I’m sure you’re aware, dry bags are used to keep your kit, clothing and other sensitive items safe from getting wet. The clue’s in the name. They’re made from a variety of materials – some are tough, some are lightweight, and you fold the roll-top over (at least three-times) to make sure their seal is watertight. You know the drill.

As far as I know, dry bags first became popular with kayakers and canoeists before finding popularity with other outdoor enthusiasts, such as climbers, hillwalkers, and fans of wild camping. And while they might not be the most exciting thing on an adventurer’s kit list – you could argue they’re one of the most important.

And there’s more to a dry bag than first meets the eye. They’re one of those items which have a myriad of uses outside of their intended purpose. In this blog we reveal some alternative ways to use your dry bags on your next outdoor adventure or wild camping trip.

A Water Bucket:

Dry bags make great buckets. If you’re wild camping, you can take an empty dry bag to a river or stream, fill it with water, and take it back to camp. You’ll then have litres of water you can use as and when you need, saving you having to make return trips to the original source.

You’ll still have to treat or boil the water. However, the unique roll-fold closure on dry bags means your dry bag bucket even has a handle to help you carry it back from the river. Not only that, the handle can then be used to hang your new water tank from a branch.

A Kettle Bell:

Need a good way to stay fit while out in the field? Dry Bags can be used as a kettle-bell and sandbag style training. We wouldn’t recommend filling them with rocks or stones – just in case you puncture your dry bag – but filling dry bags with water will give you enough weight for your workout. What’s more, one liter of water roughly weighs about one kilogram, so it’s easy to know how much you’re lifting. For instance, a full eight litre dry bag will weigh around the 8kg mark (around 18lbs).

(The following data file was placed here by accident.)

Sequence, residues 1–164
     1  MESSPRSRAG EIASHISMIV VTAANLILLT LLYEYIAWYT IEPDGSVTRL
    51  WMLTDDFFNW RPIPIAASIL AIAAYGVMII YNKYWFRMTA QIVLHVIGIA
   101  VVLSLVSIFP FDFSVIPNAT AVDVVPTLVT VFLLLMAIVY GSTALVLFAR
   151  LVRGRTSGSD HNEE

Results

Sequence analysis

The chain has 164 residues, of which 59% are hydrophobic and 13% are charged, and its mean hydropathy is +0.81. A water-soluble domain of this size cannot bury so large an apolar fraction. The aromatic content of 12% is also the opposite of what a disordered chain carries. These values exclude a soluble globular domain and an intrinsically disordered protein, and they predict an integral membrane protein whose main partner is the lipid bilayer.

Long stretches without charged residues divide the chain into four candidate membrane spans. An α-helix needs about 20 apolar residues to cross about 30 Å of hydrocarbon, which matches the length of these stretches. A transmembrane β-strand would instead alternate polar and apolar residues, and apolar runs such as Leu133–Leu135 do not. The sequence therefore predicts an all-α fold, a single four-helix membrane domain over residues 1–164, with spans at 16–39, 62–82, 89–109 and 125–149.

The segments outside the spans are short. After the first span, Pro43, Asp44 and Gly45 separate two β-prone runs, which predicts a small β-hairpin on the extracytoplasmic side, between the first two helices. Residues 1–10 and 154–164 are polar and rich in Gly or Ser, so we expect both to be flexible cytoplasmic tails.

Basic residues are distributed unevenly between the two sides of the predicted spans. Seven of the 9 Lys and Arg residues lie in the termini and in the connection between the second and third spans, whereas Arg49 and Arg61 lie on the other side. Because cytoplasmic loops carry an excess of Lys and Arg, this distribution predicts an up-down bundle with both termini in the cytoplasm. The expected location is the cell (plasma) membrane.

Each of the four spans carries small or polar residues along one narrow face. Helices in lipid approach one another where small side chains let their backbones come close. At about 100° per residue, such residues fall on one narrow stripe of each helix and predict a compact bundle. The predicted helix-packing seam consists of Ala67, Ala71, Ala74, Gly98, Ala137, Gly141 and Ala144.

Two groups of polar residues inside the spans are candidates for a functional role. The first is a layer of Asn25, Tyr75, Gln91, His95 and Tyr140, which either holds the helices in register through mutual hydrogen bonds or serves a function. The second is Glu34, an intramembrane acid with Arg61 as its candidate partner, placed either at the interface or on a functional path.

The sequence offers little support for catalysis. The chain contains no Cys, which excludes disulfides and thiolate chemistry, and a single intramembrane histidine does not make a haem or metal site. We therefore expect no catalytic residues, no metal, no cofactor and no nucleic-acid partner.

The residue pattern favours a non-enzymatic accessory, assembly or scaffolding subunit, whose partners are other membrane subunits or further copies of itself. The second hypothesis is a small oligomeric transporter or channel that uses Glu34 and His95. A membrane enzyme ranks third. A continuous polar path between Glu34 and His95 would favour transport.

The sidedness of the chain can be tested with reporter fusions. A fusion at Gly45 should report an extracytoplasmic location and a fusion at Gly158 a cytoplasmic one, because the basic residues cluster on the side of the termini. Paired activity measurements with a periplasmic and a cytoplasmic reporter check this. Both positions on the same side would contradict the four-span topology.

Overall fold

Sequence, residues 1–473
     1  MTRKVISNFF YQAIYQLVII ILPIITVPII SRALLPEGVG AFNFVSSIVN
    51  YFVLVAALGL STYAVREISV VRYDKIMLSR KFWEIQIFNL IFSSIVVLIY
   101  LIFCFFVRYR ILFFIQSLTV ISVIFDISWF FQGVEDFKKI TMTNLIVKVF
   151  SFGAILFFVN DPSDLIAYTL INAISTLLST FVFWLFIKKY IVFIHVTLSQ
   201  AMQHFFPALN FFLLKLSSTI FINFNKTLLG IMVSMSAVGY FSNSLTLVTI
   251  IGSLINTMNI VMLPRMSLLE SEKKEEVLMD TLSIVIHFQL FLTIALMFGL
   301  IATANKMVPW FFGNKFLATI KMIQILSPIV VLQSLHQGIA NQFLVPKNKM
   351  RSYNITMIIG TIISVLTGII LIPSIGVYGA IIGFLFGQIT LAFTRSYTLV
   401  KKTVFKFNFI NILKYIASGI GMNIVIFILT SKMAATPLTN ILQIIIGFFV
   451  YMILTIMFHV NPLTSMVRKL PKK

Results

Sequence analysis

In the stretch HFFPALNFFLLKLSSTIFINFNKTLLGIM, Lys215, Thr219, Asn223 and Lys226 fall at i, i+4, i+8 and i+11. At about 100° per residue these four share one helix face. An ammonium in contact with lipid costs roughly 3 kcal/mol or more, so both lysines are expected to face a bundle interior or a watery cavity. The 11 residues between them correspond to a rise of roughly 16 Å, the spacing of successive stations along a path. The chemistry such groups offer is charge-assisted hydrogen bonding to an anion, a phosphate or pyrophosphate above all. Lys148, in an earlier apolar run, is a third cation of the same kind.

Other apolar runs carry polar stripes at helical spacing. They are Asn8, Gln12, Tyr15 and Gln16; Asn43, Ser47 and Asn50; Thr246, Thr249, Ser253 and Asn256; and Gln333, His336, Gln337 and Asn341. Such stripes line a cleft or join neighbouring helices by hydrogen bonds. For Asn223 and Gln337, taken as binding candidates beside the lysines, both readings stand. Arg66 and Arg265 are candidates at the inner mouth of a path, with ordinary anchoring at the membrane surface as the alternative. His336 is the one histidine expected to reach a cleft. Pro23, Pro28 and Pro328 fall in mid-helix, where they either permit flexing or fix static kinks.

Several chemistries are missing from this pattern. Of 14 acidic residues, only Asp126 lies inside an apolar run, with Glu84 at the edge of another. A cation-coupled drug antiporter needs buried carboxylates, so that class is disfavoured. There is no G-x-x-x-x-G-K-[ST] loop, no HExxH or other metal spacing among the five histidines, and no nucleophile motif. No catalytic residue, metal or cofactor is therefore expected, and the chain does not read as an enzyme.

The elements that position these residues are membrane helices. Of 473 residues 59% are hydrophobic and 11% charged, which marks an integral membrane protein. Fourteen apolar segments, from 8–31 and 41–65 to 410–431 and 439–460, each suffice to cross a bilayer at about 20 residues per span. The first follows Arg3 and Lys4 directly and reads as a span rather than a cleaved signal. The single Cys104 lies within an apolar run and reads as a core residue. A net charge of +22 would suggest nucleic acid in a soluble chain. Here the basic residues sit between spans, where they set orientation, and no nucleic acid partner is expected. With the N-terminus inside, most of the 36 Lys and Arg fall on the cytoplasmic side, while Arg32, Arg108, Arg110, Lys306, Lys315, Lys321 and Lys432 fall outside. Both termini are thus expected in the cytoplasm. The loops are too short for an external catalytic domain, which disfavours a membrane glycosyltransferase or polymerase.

Dry Bags Used As Kettle Bells

Dry Bags can be filled with water and used to keep fit. Here you can see their similarities to a standard set of Kettle Bell weights.

A Washing Machine:

When it comes to alternative uses for dry bags, one of the most impressive ways you can use them has to be as a washing machine.

All you do is place your dirty clothes inside your dry bag and fill it with enough water to cover them. Next, add some eco-friendly soap (or a little charcoal from your fire) and scrub the clothes in the dry bag by hand.

Then, close the dry bag’s roll-fold (with clothes and wash-water still inside) and give it a good shake. Finally, empty out the dirty water, and repeat the process with clean water (minus the soap or charcoal of course) to rinse your clothes clean. This is a super-handy tip for anyone going on a long expedition.

A Laundry Bag:

Staying with the theme of washing – if you’ve ever been on an expedition that’s lasted more than a few weeks, you’ll know some of your clothes become rather ‘ripe’. Because dry bags are (to all intents and purposes) air-tight and waterproof, they also make great laundry baskets.

Dry bags are a good place to store these dirty clothes, because bad odour can’t escape. Not only does this make for a more pleasant experience round camp for anyone sharing a tent, it also helps prevent the smell of your dirty clothes permeating other items.